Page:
PRP (Platelet Rich Plasma)&
Fat Autologous Transfer
What is PRP?
technique is actually not as new as you might have thought, and has in fact
been around for years. One might even say it is scientifically ancient, having
been used clinically on humans since the 1970s.
basis of its effect are in the innate healing properties of platelets, mostly
attributed to autologous growth factors and secretory proteins that may enhance
the healing process on a cellular level. Furthermore, PRP enhances the
recruitment, proliferation, and differentiation of cells involved in tissue
regeneration. Its application ranges from implant dentistry and orthopedics,
and now also to aesthetic dermatology.
How can PRP and Fat Transfer (Mesenchymal Therapy) Repair Joints?
PRP and Fat Stem Cells contain leukocytes that are key to tissue growth. It also contains stem cells that
are concentrated which allows for cell division and is able to attract
additional stem cells to the repair site. Regeneration occurs within the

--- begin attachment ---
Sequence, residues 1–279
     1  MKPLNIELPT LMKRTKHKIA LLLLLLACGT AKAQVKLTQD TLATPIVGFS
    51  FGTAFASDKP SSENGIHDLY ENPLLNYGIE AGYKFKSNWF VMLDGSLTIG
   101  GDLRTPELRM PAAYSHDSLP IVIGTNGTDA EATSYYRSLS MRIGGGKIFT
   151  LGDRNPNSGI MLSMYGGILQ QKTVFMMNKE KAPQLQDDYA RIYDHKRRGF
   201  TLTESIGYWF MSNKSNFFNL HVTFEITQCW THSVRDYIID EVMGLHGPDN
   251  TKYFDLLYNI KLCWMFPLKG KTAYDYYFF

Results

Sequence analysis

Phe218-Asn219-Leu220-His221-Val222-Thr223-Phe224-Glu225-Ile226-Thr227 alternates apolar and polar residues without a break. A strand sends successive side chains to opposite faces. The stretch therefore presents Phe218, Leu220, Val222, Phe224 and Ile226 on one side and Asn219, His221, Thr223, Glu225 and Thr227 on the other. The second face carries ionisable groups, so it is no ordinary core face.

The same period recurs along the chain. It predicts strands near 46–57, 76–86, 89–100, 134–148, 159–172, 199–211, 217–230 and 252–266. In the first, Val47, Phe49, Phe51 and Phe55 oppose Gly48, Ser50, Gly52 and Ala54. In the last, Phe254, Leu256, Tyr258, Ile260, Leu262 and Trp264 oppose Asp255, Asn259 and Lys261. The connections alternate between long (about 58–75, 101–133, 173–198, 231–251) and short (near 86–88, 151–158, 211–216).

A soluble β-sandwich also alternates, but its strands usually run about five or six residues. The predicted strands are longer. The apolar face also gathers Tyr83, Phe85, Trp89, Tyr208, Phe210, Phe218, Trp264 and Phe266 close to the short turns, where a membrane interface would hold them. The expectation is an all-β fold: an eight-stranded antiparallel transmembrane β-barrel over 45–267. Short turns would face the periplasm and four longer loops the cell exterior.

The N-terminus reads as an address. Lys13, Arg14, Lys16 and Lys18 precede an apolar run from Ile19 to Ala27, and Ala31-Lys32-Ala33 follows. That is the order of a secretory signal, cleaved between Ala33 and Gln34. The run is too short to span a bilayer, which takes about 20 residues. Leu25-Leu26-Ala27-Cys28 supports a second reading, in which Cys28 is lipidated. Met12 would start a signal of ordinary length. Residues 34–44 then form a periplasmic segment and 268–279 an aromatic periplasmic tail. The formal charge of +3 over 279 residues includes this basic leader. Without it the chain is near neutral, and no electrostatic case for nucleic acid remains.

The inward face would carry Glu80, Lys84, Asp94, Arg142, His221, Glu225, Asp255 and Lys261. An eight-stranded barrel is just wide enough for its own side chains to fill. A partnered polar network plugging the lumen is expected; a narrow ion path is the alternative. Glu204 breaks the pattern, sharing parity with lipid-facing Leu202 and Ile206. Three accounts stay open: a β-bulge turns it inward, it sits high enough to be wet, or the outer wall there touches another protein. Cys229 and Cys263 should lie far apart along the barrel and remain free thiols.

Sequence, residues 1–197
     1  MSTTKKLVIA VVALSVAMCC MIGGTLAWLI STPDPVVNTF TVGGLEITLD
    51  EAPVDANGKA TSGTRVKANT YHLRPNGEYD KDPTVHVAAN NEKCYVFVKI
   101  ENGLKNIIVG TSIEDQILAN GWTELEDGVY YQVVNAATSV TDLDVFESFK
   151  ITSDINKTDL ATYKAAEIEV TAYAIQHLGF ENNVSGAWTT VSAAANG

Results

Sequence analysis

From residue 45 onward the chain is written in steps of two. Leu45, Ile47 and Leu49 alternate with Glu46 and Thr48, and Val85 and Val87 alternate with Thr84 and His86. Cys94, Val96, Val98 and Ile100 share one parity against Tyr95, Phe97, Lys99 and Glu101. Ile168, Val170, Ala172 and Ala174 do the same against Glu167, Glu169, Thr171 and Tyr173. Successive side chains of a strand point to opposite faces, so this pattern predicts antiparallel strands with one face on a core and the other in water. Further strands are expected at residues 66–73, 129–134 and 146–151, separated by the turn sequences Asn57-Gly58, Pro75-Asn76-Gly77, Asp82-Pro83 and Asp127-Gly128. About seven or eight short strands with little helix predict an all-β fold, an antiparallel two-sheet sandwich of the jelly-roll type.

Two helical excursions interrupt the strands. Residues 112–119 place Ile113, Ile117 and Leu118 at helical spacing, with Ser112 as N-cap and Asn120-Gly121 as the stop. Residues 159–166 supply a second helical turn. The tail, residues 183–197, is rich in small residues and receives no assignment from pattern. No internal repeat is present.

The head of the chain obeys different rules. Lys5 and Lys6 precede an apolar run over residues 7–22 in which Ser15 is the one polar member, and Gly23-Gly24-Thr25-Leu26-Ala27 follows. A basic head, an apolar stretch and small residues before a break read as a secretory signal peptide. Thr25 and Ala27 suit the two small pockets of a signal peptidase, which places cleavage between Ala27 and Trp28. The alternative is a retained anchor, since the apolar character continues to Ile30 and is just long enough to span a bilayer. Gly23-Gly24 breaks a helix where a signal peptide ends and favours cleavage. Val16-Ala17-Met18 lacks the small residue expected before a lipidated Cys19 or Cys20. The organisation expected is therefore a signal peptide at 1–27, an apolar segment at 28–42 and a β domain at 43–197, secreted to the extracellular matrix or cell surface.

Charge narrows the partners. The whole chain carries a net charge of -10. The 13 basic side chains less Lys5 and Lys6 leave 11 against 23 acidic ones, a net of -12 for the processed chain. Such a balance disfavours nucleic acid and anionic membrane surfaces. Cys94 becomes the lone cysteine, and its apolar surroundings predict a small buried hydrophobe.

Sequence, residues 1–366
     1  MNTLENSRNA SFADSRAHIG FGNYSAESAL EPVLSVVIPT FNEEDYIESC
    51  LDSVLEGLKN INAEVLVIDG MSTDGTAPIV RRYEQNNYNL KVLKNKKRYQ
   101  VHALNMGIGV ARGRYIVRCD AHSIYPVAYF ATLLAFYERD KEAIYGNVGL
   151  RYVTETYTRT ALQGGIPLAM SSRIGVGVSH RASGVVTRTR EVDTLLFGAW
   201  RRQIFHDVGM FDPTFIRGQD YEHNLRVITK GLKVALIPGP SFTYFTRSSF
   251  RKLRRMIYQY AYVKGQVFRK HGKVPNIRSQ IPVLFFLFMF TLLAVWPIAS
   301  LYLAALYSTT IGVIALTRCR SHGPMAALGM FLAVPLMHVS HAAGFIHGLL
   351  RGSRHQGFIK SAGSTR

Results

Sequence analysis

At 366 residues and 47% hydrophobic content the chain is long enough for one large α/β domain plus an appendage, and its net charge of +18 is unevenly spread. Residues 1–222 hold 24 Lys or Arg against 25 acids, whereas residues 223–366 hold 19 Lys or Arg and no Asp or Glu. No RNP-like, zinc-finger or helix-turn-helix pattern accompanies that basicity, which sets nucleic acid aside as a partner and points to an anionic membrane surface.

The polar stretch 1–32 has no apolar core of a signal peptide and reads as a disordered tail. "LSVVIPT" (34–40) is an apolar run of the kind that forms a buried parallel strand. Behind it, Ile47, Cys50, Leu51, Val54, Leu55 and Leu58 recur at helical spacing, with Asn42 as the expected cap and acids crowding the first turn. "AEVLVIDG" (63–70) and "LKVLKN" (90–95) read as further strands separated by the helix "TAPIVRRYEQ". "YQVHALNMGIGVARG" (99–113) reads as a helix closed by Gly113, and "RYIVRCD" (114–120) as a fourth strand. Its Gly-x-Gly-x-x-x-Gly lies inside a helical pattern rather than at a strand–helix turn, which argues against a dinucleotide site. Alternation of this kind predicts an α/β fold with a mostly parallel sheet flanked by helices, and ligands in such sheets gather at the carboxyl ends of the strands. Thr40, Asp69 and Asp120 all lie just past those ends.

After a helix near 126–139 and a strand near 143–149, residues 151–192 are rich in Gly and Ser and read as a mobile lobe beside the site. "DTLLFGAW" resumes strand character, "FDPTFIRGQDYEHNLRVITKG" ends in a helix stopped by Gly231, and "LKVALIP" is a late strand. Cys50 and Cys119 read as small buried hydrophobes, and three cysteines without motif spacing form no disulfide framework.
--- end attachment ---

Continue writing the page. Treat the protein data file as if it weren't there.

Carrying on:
tissues and fibrils ensues. Growth and repair continues for up to one month
after injection. The result is new, healthy tissues that is permanent. Torn
tendons, muscles and ligaments plague athletes in many types of sports. In
attempts to help heal the wounded tissue, some athletes, both amateur and
professional, have turned to platelet-rich plasma (PRP) therapy. Much of the
publicity PRP therapy has received has been about the treatment of acute sports
injuries, such as ligament and muscle injuries. PRP has been used to treat
professional athletes with common sports injuries like pulled hamstring muscles
in the thigh and knee sprains.
PRP treatment is extremely safe. Because PRP
is produced from your own blood, there is no risk of an allergic reaction. In
addition, PRP contains concentrated amount of white blood cells, your natural
defenders against infections. As a result, infection is extremely rare with our